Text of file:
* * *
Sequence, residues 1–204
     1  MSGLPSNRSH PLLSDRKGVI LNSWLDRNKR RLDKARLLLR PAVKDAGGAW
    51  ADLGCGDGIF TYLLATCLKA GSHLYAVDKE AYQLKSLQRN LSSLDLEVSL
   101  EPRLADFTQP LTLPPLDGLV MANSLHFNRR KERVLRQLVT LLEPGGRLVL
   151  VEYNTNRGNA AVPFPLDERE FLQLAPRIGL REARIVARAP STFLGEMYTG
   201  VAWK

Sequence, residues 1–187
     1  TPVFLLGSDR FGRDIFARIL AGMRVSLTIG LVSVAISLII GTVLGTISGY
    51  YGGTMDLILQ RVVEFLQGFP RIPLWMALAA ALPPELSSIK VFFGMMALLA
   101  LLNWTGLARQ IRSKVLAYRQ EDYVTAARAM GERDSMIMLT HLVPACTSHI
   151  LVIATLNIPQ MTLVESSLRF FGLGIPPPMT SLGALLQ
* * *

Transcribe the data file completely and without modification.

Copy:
Sequence, residues 1–204
     1  MSGLPSNRSH PLLSDRKGVI LNSWLDRNKR RLDKARLLLR PAVKDAGGAW
    51  ADLGCGDGIF TYLLATCLKA GSHLYAVDKE AYQLKSLQRN LSSLDLEVSL
   101  EPRLADFTQP LTLPPLDGLV MANSLHFNRR KERVLRQLVT LLEPGGRLVL
   151  VEYNTNRGNA AVPFPLDERE FLQLAPRIGL REARIVARAP STFLGEMYTG
   201  VAWK

Sequence, residues 1–187
     1  TPVFLLGSDR FGRDIFARIL AGMRVSLTIG LVSVAISLII GTVLGTISGY
    51  YGGTMDLILQ RVVEFLQGFP RIPLWMALAA ALPPELSSIK VFFGMMALLA
   101  LLNWTGLARQ IRSKVLAYRQ EDYVTAARAM GERDSMIMLT HLVPACTSHI
   151  LVIATLNIPQ MTLVESSLRF FGLGIPPPMT SLGALLQ